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Photo of Dr Cam Nelson preventive medicine physician at Cooper Clinic Dallas Texas with doctors orders daily supplements recommended

At Cooper Clinic, physicians view measuring your body chemistry as an essential component to knowing how to improve the quality and quantity of your life. Camron Nelson, MD, Cooper Clinic President and CEO and Preventive Medicine Physician, explains the three key vitamin levels that are specifically measured and closely analyzed during a Cooper Clinic comprehensive preventive exam and what he, in turn, recommends to all his patients: omega-3, vitamin D and B12.

Omega-3

According to Dr. Nelson, at the end of the day it’s really quite simple: either eat more fish or take a supplement. The body can’t produce omega-3 fatty acids from scratch so it must get it from foods such as fish, vegetable oils, nuts, flax seeds and leafy vegetables. With most Americans not meeting the two servings of fish per week requirement, there are many proven benefits to taking an omega-3 supplement. In a Harvard study, patients who had a higher risk of heart disease or previously had a heart attack or had higher calcium scores in their arteries lowered their risk of heart attack by 20 percent and their risk of developing severe cardiovascular disease by 40 percent by taking omega-3 daily. The same study also showed a 77 percent risk decrease of heart attack in African Americans, with continuing research being performed to explain why this group benefited even more. Omega-3 fatty acids have also been proven to help lower triglyceride levels.

What might make omega-3 supplements so mighty? “It probably has something to do with the anti-inflammatory effect of omega-3 in the arteries,” Dr. Nelson explains. However, he strongly believes you can’t supplement a bad lifestyle. “I encourage my patients to first work on foundational lifestyle choices to decrease inflammation and risk for heart disease through diet, exercise and weight management along with blood pressure and cholesterol control before we add supplements to the mix,” says Dr. Nelson. Then, Dr. Nelson recommends taking two Cooper Complete Advanced Omega-3 softgels a day to optimize heart health, which provide 1,400 mg of omega-3 including 720 mg of EPA and 480 mg DHA.

 

Vitamin D

Often referred to as the sunshine vitamin, our bodies are unable to absorb an adequate amount of vitamin D from sun exposure without putting our dermatologic health at risk. Vitamin D deficiency is now becoming a global concern as people at higher latitudes, or those who live north of the line connecting San Francisco to Philadelphia (and Athens to Beijing), typically receive less sunshine for the majority of the year. In addition, individuals with darker skin complexions are not able to absorb vitamin D as efficiently.

Vitamin D is vital to having a healthy immune system, aiding in fighting off infections and viruses more effectively. A Health Professional Follow-Up Study found in 50,000 men, whose vitamin D levels were monitored over the course of 10 years, those who were deficient in vitamin D were twice as likely to have a heart attack. Other studies show an associated risk of heart failure, stroke and overall cardiovascular disease.

Evidence supports that robust levels of vitamin D lowers one’s risk of developing certain cancers, specifically colorectal cancer. Vitamin D is also important to maintaining bone density—helping decrease women’s risk of osteoporosis and elderly patients’ risk of falls and bone fractures. Research conducted at The Cooper Institute found a correlation between vitamin D deficiency and depression.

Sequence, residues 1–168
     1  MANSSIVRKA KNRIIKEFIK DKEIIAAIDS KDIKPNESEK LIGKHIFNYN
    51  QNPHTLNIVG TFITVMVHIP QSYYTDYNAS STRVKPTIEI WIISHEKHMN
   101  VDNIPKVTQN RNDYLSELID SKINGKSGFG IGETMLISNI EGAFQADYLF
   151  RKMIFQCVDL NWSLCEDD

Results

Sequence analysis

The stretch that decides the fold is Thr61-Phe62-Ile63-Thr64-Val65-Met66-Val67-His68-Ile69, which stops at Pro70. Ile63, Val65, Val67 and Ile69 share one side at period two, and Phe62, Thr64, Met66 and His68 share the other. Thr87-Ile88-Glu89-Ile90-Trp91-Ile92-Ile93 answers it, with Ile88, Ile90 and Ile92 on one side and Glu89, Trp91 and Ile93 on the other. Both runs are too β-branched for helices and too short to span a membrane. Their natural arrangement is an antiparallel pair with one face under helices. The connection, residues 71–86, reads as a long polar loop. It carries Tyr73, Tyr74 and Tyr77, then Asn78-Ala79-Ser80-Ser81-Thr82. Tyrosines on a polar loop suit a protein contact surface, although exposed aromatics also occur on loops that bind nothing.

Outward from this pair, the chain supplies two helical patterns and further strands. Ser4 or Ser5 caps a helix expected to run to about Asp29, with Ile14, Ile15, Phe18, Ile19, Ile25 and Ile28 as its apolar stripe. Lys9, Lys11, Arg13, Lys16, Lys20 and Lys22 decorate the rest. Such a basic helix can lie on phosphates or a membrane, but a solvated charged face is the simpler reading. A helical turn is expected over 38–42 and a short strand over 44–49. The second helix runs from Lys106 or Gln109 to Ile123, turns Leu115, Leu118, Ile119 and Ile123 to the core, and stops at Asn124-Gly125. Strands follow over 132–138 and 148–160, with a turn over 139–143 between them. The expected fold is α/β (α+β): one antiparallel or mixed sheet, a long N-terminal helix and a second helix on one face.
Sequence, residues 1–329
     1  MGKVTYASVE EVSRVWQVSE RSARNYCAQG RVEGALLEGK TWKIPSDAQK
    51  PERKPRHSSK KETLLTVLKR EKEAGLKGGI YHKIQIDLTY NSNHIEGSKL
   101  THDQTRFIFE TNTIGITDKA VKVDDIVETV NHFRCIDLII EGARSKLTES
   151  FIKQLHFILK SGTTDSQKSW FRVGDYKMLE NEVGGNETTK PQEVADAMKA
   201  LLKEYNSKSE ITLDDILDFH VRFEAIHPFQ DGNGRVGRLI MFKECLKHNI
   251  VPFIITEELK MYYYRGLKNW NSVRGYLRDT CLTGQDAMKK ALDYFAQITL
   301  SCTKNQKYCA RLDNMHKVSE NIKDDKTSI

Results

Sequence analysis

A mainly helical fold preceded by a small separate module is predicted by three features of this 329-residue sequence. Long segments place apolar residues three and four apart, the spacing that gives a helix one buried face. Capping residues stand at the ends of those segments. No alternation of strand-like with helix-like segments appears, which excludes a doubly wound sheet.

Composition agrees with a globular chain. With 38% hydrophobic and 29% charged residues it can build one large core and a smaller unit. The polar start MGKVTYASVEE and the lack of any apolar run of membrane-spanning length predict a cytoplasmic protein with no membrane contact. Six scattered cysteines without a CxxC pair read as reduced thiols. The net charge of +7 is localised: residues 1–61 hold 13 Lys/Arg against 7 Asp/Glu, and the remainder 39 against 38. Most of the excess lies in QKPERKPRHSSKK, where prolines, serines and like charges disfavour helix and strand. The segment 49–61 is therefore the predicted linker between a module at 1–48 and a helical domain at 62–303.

While the most common source of vitamin D is sunlight, like omega-3, vitamin D is found in fatty fish such as anchovy, mackerel, tuna and salmon. Vitamin D is also in fortified dairy. Unfortunately, the amount of vitamin D found in these foods is far too low for most people to maintain a healthy vitamin D level through diet alone.

While 30 mg/mL is the standard minimum recommended vitamin D level, Dr. Nelson says he prefers to see both men and women in the 40-50 range. Your vitamin D level can be measured by a simple blood test, so talk to your doctor about it.

Cooper Complete Vitamin D3 is available in 25 mcg (1,000 IU) and 125 mcg (5,000 IU). When choosing the dosage that is right for you, it is important to remember that it depends on how well your body absorbs vitamin D. Reflux medications and acid blockers that lower acid levels in the stomach can affect the absorption of vitamin D, in which case one might opt for taking a higher dosage. Looking for a well-balanced all-in-one multivitamin? The Cooper Complete Basic One Multivitamin includes 50 mcg (2,000 IU) of vitamin D while many other multivitamins are much lower.

Vitamin B12

Found mainly in animal products and citrus, Dr. Nelson explains that vitamin B12 is significant in the formation of red blood cells as well as DNA. “In some cases of B12 deficiencies, it can affect ones balance, neurological function and even lead to anemia, or being iron deficient,” says Dr. Nelson. Vitamin B12 also lowers homocysteine levels. With homocysteine aiding metabolism and the breakdown of foods, levels that are too high can increase the risk of heart disease. Though some believe B12 improves energy levels as well, Dr. Nelson explains this notion has never been proven and taking B12 supplements or injections for energy levels are merely psychological.

When it comes to supplementation, Dr. Nelson believes in simplicity. So, before you overload your pillbox, consider taking his recommendations of omega-3, vitamin D and vitamin B12 to heart. Stock your medicine cabinet with Cooper Complete staples for overall heart health.

Printed from: https://coopercomplete.com/blog/doctors-orders-daily-supplements/